Pathophysiology and Clinical Presentation: Correct Diagnosis


The thyroid gland is located at the base of the larynx.  It is anterior in relation to the neck.  This gland is the power house of all things metabolism in the body.  It is vital to all organ function.  The thyroid converts iodine and tyrosine into other thyroid hormones.  These hormones are called thyroxine (T4) and triiodothyronine (T3).  T3 and T4 control the essential metabolism of the body.  The pituitary gland controls the thyroid gland.  When the thyroid hormones are decreased, the pituitary produces thyroid stimulating hormone (TSH).  Thus, the TSH will increase the T3 and T4 levels.  This also happens when thyroid hormones are too high.  The pituitary will lower the levels of TSH.  The hypothalamus controls the pituitary which then controls the thyroid.  The hypothalamus creates TSH releasing hormone (TRH).  TRH will stimulate the pituitary to release TSH when needed (Sargis, 2015)

Sargis, 2015

Sargis, 2015


Sargis, 2015

Sargis, 2015


Hashimoto disease is a form of hypothyroidism. Hypothyroidism happens when there is too little T3 and T4 in the body. When this happens, there is too much TSH. Another term for Hashimoto disease is autoimmune thyroiditis. Goiter formation is significant in this form of hypothyroidism due to inflammation. (McCance & Huether, 2014). Inflammation is caused by stimulation of CD4 and T helper cells that are explicit to your thyroid. This stimulation can be either viral or bacterial in presence. (Lloyd, 2010). The influx of CD4 and T helper cells as well as activation of other autoantibodies produced by the B helper cells causes destruction of thyroid tissue. Apoptosis is activated by CD8 cells and is significant in the destruction as well. (Lloyd, 2010). To help differentiate between Grave’s disease and Hashimoto’s disease, there is a difference in major histocompatibility complex antigens. (McCance & Huether, 2014). Risk factors for Hashimoto’s includes genetics, increased iodine intake, smoking, and hepatitis C. (McCance & Huether, 2014).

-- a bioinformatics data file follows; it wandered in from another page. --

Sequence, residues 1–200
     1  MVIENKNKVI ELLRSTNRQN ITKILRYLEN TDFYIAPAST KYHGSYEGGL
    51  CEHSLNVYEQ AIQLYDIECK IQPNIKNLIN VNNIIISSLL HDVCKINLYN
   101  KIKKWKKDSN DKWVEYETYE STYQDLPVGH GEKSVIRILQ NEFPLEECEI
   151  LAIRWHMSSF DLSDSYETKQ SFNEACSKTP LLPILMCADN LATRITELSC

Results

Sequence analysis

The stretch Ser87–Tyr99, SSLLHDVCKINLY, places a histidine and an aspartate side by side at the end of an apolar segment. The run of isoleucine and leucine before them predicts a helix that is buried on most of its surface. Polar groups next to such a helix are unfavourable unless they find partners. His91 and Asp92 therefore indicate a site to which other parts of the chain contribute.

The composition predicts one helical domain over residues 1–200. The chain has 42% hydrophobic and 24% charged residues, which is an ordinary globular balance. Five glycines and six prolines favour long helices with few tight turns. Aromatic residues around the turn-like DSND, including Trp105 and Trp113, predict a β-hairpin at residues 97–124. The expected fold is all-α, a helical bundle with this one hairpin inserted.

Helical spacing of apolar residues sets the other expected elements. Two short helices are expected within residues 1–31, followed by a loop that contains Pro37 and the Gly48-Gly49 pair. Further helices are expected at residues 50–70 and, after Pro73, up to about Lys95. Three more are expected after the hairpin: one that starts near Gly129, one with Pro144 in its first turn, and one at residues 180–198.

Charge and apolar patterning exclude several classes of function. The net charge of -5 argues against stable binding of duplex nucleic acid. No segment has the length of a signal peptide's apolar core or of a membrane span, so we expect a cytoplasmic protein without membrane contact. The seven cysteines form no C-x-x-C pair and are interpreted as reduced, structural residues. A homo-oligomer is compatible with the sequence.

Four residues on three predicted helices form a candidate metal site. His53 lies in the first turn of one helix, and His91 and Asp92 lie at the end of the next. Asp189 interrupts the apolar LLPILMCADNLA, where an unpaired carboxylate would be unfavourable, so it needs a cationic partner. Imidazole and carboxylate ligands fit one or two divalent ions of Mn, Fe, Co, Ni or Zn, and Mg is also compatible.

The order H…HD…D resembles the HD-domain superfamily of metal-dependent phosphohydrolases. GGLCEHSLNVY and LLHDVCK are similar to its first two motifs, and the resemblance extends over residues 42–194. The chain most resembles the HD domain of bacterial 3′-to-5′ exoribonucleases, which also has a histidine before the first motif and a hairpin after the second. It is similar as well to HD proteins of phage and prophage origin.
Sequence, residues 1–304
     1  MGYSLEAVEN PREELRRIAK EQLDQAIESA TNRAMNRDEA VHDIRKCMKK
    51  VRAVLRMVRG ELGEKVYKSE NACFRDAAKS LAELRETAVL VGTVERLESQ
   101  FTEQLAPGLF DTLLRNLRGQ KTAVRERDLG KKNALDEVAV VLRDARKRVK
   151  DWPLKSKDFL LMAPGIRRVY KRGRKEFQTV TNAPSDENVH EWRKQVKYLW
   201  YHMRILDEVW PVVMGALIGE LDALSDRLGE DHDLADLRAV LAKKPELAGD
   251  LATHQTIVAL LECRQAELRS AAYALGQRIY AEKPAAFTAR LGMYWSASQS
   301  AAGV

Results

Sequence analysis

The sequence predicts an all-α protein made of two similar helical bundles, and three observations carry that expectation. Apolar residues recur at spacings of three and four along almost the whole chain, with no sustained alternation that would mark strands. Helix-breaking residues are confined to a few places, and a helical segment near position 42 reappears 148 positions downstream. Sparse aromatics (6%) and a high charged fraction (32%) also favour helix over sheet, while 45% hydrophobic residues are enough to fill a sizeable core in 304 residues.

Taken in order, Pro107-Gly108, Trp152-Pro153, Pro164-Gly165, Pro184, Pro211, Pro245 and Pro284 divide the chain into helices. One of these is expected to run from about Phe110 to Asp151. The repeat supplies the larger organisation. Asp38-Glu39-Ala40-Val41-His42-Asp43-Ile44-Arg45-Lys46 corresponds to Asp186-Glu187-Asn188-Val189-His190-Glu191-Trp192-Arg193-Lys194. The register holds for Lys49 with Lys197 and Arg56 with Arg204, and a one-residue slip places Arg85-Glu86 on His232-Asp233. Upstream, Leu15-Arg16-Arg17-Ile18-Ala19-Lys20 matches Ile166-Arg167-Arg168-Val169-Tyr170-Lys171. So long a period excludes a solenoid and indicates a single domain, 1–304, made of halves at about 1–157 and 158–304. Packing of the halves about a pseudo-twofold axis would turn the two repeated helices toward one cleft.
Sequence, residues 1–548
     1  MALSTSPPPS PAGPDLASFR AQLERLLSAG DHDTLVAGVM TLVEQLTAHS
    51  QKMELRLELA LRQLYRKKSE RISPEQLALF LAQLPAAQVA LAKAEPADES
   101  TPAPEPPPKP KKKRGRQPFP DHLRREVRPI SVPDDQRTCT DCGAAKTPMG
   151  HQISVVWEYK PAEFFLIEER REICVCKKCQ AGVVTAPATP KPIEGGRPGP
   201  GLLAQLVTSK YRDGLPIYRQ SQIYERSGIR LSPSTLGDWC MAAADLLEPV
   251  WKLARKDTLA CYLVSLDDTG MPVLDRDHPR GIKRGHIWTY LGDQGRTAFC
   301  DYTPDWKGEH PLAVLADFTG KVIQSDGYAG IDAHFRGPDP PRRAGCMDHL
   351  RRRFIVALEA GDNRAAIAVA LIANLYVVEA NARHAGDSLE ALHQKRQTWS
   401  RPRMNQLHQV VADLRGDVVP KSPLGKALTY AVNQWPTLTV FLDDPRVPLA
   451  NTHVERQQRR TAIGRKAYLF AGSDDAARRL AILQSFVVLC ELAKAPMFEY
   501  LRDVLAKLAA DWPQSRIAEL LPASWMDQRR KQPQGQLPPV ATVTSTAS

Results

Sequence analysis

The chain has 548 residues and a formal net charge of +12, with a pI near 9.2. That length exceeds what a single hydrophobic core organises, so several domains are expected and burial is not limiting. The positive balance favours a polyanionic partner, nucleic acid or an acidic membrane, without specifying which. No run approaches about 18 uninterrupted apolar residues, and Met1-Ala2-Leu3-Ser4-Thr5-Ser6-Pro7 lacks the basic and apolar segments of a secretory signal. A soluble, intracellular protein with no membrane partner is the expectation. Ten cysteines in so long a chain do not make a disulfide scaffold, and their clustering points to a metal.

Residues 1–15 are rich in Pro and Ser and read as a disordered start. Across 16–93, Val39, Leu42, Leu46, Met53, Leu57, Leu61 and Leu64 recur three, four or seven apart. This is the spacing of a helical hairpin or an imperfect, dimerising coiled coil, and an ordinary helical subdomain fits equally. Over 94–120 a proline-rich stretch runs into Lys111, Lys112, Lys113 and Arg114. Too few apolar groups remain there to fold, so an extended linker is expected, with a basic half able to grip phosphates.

Pathogenesis of Hashimoto’s thyroiditis

Fig. 9.4 (Lloyd, 2010)

In normal hormonal regulation, the hypothalamus secretes TSH Releasing Hormone (TRH), which causes the pituitary to secrete Thyroid Stimulating Hormone (TSH), which then stimulates the thyroid to secrete TH (specifically triiodothyronine, T3, and thyroxine, T4) (McCance & Huether, 2014).  By way of a negative feedback mechanism, TH levels regulate the amount of TRH and TSH secreted.  Primary hypothyroidism, such is the case with Hashimoto’s disease, is caused by a deficient production of TH due to the loss of function of the thyroid gland. (McCance & Huether, 2014).  This leads to a decrease in TH and an increase in TRH and TSH.  One can look at this relationship as you would a person, a thermostat and a furnace.  The person (hypothalamus) is cold, so they go to the thermostat (pituitary) and set the temperature warmer.  The thermostat now tells the furnace (thyroid) to kick on and heat the house.  However, since this furnace (thyroid) is not functioning properly, the house will not heat up.  No matter how much the person attempts to make the thermostat activate the furnace, it will not heat the home properly.

Clinical Presentation:

  • Decreased energy metabolism
  • Decreased heat production
  • Low basal metabolic rate
  • Lowered basal body temperature
  • Cold intolerance
  • Lethargy
  • Fatigue
  • Muscle aching and stiffness in joints
  • Memory loss
  • Depression, anxiety
  • Irritability
  • Goiter (due to increase in TSH production)
  • Dry skin
  • Brittle hair/hair loss
  • Weight gain
  • Constipation
  • Fluid retention
  • Galactorrhea (inappropriate milk production)
  • Menstrual irregularities, menorrhagia
  • Decreased libido

Hypothyroidism can have an effect on all body systems and proceeds insidiously over months or years (McCance & Huether, 2014).  There are many manifestations for hypothyroidism and Hashimoto’s, but the above are the most common (Unbound, 2015).


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